Commercial property: High street challenges need addressed

editorial image
Share this article

The currently volatile environment for UK retailers presents a significant challenge to the commercial property sector.

Along with the estimated 85,000 jobs lost in UK retailing in 2018 is the worrying rise in empty commercial units.

Figures published in the Scottish Retail Consortium-Springboard Footfall and Vacancies Monitor show hat one in eight high street shop premises lay vacant last month, with a 12 per cent town centre vacancy rate in Scotland, up the 11.1 per cent recorded last October.

Steps are being taken across the nation to repurpose some of these vacant premises for residential, hotel, leisure or community use.

However, UK retailers must also continue to repurpose their businesses to ensure they are relevant to the changing nature of consumer demands.

Many of those which managed to avoid insolvency last year are now embarking on store closure plans and rationalising their portfolios.

The trend of traditional retailers extending their online offering also continues, with some smaller stores diversifying by installing convenient customer options such as Amazon lockers and becoming click-and-collect points for larger retailers.

Technological advances, including the use of mobile payment, scan and payment checkout apps, are also making the sector more efficient, while further progress in areas such as VR and AI offers an additional strand of support.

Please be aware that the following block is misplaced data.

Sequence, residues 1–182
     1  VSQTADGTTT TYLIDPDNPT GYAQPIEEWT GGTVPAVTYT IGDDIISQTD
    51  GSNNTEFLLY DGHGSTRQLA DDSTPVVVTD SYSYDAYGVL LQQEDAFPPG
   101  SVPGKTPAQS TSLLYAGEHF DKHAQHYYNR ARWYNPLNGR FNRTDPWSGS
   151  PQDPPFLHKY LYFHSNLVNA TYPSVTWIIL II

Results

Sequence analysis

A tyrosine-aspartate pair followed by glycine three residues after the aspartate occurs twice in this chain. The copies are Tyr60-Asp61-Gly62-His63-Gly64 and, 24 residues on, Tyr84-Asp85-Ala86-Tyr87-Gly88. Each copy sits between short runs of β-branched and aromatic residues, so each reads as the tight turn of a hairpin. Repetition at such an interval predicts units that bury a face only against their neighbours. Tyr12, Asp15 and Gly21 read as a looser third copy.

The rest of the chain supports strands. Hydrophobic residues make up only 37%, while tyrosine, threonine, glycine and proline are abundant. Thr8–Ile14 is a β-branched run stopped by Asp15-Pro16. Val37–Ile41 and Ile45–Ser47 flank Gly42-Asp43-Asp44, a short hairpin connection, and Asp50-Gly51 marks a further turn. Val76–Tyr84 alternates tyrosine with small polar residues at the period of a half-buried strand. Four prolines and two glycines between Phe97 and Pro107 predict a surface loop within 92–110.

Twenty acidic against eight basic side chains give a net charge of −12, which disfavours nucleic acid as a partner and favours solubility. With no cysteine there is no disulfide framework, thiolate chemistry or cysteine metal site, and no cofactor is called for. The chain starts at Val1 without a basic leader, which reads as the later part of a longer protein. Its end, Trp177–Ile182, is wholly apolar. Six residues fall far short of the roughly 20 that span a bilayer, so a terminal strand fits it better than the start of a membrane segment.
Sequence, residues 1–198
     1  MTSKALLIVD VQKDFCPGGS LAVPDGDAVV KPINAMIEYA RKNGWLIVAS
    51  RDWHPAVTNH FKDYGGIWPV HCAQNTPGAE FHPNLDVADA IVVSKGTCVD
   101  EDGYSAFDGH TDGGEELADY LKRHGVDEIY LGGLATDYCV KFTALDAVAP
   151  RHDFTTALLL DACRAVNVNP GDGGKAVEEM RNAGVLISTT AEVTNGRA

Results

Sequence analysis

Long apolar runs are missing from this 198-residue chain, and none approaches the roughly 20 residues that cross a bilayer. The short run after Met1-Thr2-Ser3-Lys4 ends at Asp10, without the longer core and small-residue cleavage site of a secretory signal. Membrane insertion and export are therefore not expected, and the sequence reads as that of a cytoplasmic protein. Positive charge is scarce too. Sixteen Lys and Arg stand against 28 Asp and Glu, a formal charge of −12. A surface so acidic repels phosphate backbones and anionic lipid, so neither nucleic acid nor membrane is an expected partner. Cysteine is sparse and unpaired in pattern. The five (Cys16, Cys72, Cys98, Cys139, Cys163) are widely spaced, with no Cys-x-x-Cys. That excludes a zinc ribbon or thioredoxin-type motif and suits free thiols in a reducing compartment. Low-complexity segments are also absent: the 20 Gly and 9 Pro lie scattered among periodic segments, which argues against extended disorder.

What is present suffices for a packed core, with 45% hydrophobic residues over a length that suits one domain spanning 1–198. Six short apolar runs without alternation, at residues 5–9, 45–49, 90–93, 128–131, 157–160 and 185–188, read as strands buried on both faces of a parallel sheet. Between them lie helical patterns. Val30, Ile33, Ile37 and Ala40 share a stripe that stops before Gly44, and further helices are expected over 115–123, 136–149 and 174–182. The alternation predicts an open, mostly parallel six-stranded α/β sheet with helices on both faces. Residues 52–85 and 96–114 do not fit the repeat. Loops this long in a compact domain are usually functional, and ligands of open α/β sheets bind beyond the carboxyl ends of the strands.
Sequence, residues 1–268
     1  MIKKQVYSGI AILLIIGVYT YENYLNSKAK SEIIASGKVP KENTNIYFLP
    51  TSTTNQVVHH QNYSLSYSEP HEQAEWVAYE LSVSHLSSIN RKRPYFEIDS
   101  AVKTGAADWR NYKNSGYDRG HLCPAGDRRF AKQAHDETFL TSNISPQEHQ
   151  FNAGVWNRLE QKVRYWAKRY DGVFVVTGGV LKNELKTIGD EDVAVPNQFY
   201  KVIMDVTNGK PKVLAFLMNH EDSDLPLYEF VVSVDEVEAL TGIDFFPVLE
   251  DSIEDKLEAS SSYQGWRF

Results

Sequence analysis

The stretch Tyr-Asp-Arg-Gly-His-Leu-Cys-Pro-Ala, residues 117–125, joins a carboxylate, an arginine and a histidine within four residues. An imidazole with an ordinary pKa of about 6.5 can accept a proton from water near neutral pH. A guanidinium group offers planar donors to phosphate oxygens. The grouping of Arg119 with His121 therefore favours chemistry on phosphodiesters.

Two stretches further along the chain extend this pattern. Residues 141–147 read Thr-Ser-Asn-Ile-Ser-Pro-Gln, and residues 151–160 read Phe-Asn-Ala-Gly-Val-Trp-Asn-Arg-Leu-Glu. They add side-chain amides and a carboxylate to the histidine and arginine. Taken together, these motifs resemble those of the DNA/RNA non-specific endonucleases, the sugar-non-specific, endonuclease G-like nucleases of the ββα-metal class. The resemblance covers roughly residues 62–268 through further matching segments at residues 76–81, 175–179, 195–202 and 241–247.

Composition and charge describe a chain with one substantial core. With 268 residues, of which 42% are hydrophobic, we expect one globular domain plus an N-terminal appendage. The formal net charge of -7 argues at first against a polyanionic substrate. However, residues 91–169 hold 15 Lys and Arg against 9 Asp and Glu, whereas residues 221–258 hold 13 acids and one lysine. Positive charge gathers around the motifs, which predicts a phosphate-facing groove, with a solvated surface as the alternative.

In spite of these positive developments, there is no doubt that many of the larger retailers will continue to struggle with the size and cost of their property portfolios.

Debenhams is continuing discussions with its lenders and is not ruling out a company voluntary arrangement, while the new management at Marks and Spencer is promising dramatic changes in range, style and customer focus.

Meanwhile, other big high street names seek to negotiate reduced rents with their landlords to keep themselves trading.

The changing nature of the marketplace requires retailers to make bold decisions to entice consumers and leverage value from their physical premises. Apple and Selfridges are both successfully doing this by making shopping at their outlets an experience.

Selfridges credits its successful Christmas trading period to the staging of festive events which drove people into its stores, and Apple delivers added value for customers in its premises by holding free events.

The progression of some online retailers moving to a bricks and mortar model could also make a positive impact on the commercial property sector. Amazon Go is reportedly looking at expanding its app-based convenience store brand into London with the potential of Amazon Books stores opening in the UK.

Physical premises supported by a strong online presence point to the future direction of travel in retailing.

While we expect more casualties in the year ahead, the changes that are currently being implemented provides some comfort to commercial property landlords as retailing continues its challenging evolution.

The UK retail market is one of the most dynamic in the world and is the biggest employer in Britain; it is also one of the most adaptive to change.

But landlords and tenants must act quickly to stem the tide of store closures and declining footfalls.